Donna Meyer, an assistant professor of mechanical engineering, anticipates using her research to create a "wear atlas" that can be used by orthopedic surgeons as a diagnostic tool. She said the atlas could be used to help identify the potential problems that patients are having with their implants prior to revision surgery.
Most artificial hips consist of a polyethylene socket and metal ball or metal-on-metal combinations that are connected to adjoining bones with screws or cement. Total knee replacements are made of similar materials. Over time as the ball, socket and bone rub against each other, tiny debris is produced and settles between the bone and the implant interface, discouraging the much needed growth of bone around the prosthesis. This contributes to the loosening and separation of the interface, which necessitates revision surgery to repair it.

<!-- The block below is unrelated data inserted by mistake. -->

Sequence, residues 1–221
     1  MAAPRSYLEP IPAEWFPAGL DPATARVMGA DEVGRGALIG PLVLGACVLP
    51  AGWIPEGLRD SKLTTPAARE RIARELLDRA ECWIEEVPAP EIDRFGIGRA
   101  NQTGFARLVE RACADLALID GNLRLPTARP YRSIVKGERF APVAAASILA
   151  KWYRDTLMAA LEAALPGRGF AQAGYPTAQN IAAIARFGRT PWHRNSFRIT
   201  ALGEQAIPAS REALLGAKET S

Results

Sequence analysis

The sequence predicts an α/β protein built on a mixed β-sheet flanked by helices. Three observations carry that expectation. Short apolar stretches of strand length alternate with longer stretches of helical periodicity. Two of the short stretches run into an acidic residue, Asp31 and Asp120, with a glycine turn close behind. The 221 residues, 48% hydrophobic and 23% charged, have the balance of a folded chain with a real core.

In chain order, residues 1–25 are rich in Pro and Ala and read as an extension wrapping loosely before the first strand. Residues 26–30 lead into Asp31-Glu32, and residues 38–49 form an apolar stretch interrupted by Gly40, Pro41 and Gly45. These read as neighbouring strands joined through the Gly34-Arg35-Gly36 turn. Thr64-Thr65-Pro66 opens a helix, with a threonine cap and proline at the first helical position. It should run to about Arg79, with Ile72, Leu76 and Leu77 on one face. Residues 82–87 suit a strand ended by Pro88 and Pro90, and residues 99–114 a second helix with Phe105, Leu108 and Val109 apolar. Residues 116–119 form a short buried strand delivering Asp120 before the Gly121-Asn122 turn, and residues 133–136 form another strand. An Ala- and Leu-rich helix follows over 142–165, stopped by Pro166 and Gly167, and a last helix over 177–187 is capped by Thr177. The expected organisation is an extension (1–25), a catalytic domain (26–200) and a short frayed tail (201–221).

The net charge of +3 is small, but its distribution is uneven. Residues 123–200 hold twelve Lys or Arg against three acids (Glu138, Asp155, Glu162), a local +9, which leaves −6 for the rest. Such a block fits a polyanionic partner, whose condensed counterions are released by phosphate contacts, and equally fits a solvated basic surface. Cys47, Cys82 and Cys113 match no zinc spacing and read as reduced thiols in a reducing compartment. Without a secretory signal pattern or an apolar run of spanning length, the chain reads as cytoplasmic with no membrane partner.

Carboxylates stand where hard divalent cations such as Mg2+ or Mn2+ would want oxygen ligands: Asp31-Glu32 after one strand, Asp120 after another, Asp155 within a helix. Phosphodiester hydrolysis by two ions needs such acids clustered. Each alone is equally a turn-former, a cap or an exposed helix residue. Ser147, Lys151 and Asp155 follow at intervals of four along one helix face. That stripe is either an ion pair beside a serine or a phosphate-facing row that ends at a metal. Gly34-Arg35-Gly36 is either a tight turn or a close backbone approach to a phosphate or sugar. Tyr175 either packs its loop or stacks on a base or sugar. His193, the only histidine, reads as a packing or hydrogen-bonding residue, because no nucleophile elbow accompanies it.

"Polyethylene wear debris can be a significant problem for patients because a loosened joint can cause great discomfort," said Meyer, a Cranston resident. "If we can determine the number and size of wear debris contained in a patient's synovial fluid, and also look at the ratio of polyethylene to other constituents like metal, bone, and cement particles, we can create a tool to assist in diagnosing the problem with the implant before surgery is necessary. Ultimately we would like to minimize the number of revision surgeries that patients face, or at least minimize the amount of ti
Contact: Todd McLeish
University of Rhode Island